Hallmarks of The Salvation Army
by Henry Gariepy and Stephen Court Hallmarks is a tribute to General Eva Burrows (Rtd), launched by the Australia Southern Territory on the celebration of her 80th birthday. It includes 32 Salvationist writers, primarily officers, whose contributions are arranged under three sections: To Save Souls, To Grow Saints and To Serve Suffering Humanity. Many relevant topics are addressed, such as mentorship, holiness, music and arts, human trafficking, innovation and holistic ministry. It includes contributions from General Bramwell Tillsley (Rtd) and Colonel Robert Redhead. Above products available from Salvation Army Christian Book and Supply Centres or online at salvationarmy.ca/store
Salvationist I March 2010 I 27
Enrolment and Recognition
BISHOP’S FALLS, N.L.—Five junior soldiers are welcomed. From left, Jenna Saunders, Brooke Reid, Victoria Pretty, Rebecca Martin and Rachael Power. With them are Mjrs Don and Karen Feltham, COs; and Diane Reid, JSS
Also welcomed in Bishop’s Falls are 11 senior soldiers. Front left, Hazel Thompson, Linda Rideout, Eileen Pope, Madeline Stone, Madeline Champion, Marion Burge, Wanda Foss, Joe Walsh, Penney Power, Albert Boone, Gertie Boone and Mjr Don Feltham, CO
COLLINGWOOD, ONT.—Five new senior soldiers are celebrated at Collingwood Community Church. From left, Cpt Wendy Crabb, CO; Julie Walker; Cathy Wright; Anne Holden; Shirley Chilvers; Bruce Walker and Cpt Mark Crabb, CO. Far right: Also honoured are two women who served over 80 combined years in youth ministry. From left, Ruth Shaw and Gail Synnott
BOWMANVILLE, ONT.—As part of its 125th anniversary celebrations, Bowmanville Salvation Army Community Church welcomes three adherents, one senior soldier and one new member of the Candidates’ Fellowship. From left, Mjrs Craig and Patsy Rowe, COs; William Buder, Rita Buder and Ryan Buder, adherents; Jennifer Colliss, senior soldier; Daniel Rowe, prospective candidate; and Lt-Cols Tracey and Floyd Tidd, then divisional leaders, Ont. CE Div HAPPY VALLEY-GOOSE BAY, N.L.—The Army in this northern community celebrated its 47th anniversary with Pastors Terry and Catherine Snow from the local Pentecostal Church. The corps also welcomed two senior soldiers, Jenny and Tyler Colbourne, who cut the anniversary cake. From left, Terry and Catherine Snow, Jenny and Tyler Colbourne, and Mjrs Debbie and Stan Higdon, COs 28 I March 2010 I Salvationist
SASKATOON—Saskatoon Temple welcomes two senior soldiers. From left, Cpt Jamie Rands, CO; Clifford Brown, colour sergeant; Cailey Robinson; Nathan Regamey; Orca Thokle, recruiting sergeant; and Cpt Shelly Rands, CO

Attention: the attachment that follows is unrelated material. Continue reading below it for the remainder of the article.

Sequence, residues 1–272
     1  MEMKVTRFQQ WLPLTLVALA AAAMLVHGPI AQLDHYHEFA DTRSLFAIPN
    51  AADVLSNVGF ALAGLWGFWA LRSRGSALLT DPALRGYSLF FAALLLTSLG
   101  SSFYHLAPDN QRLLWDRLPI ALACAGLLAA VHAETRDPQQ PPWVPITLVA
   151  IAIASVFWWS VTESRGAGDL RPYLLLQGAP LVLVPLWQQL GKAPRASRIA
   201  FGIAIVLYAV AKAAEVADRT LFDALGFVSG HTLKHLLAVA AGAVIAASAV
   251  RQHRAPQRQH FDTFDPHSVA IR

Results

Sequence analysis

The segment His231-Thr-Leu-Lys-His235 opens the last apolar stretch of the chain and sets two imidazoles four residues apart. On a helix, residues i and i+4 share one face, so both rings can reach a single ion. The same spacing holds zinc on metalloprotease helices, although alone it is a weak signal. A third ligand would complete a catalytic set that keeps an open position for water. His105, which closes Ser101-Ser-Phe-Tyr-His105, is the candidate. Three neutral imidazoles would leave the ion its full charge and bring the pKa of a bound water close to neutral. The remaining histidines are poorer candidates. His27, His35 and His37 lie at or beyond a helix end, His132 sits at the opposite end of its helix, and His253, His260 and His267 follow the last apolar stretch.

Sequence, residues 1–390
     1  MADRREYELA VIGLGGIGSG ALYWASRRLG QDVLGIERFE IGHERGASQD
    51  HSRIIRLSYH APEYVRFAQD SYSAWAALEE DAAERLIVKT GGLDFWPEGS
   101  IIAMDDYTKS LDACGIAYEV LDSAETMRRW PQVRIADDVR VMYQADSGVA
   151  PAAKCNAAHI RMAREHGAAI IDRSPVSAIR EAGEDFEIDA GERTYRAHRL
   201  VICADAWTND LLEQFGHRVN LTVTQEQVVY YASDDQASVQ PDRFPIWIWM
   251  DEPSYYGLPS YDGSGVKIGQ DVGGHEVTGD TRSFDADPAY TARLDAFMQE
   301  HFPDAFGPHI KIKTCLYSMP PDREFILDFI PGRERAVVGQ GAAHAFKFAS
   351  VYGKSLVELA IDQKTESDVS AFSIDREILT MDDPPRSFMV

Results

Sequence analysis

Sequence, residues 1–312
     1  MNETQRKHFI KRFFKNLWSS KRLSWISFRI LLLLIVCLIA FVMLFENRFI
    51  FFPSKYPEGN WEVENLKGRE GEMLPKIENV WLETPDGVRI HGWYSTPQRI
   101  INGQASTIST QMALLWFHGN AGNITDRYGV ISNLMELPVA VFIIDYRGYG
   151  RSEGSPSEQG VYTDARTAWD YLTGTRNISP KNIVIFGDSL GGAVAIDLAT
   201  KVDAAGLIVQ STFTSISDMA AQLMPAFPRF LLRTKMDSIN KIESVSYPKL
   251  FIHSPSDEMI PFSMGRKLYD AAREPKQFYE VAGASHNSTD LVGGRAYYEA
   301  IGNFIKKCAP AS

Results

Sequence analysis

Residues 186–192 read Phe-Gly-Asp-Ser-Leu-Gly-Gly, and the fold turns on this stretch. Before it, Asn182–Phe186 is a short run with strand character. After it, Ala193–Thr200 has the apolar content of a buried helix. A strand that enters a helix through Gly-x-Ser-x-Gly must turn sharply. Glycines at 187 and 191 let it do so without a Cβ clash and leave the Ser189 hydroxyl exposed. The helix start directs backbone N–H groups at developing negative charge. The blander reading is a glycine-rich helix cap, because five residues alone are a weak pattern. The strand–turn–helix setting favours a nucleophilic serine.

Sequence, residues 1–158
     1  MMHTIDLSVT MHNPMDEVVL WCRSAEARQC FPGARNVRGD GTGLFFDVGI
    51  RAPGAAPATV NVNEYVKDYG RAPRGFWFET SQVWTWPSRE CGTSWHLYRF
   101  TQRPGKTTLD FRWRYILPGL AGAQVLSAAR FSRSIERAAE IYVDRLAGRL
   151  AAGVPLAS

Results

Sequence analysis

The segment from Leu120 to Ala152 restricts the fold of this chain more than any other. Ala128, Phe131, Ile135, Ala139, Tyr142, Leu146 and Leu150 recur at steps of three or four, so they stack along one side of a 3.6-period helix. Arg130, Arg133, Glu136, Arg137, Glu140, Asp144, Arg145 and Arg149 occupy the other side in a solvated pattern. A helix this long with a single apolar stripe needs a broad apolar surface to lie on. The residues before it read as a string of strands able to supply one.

SMITHS FALLS, ONT.—Irene Briggs is commissioned as community care ministries secretary. From left, Beryl Lily; Mjr Sue Fuller, CO; Irene Briggs, CCMS; Reta Hawe; George Lily; Mjr Brian Fuller, CO. George and Beryl Lily, the previous CCM leaders, recruited and trained Irene for this leadership role
Salvationist Torch Bearer CORNER BROOK , N. L .— Salvationist Robert Poirier was honoured to be one of the 12,000 torch bearers in the lead-up to the recent Olympic Games in Vancouver. Poirier carried the torch on November 15 in Corner Brook. He is pictured passing the flame to Ruth Hillier
Parliament Hill Reception OTTAWA—One hundred and twenty-five senators, members of Parliament and staffers attended a Christmas reception in December with Salvation Army leaders. The purpose was to strengthen relationships with MPs and senators and to inform them about the Army’s work in Canada. From left, Commissioner William W. Francis, territorial commander; MP Justin Trudeau; Cpt Brenda Murray, Ontario government relations liaison; and Roger Simmons, a Salvationist and former federal cabinet minister
Candidate Recruitment SACKVILLE, N.S.—Youth and young adults in the Maritime Div are responding to the call to carry the torch of spiritual leadership into the future as officers in The Salvation Army. Some of the recruitment planning of the past year included a Design for Life seminar at Fairview Citadel in Halifax and a visit from the territorial secretary for candidates, Mjr Beverly Ivany, who shared presentations on officership in Moncton and Halifax. The call to officership was also included in the divisional Youth Together event at Scotian Glen Camp. Three candidates are being processed for the 20102012 Friends of Christ Session. Candidates Dion and Janelle Durdle of Sackville are pictured with Mjr Wanda Vincent, divisional youth secretary, and Mjr Beverly Ivany, territorial secretary for candidates
Territorial Appointments Lt-Cols Wayne/Myra Pritchett, divisional commander and divisional director of women’s ministries, Ont. CE Div; Cpt Clay Davis, finance assistant, N.L. Div (primary responsibility); Mjr Dan Dearing, Woodroffe Temple, Ottawa, Ont. CE Div (interim); Lt-Col Deborah Graves, area commander, City of London, Ont. GL Div (additional responsibility); Aux-Cpt Micheline Hardy, corps officer, Glencairn Hope Acres Rehabilitation Centre, Hope Acres CC, Glencairn, Ont. CE Div;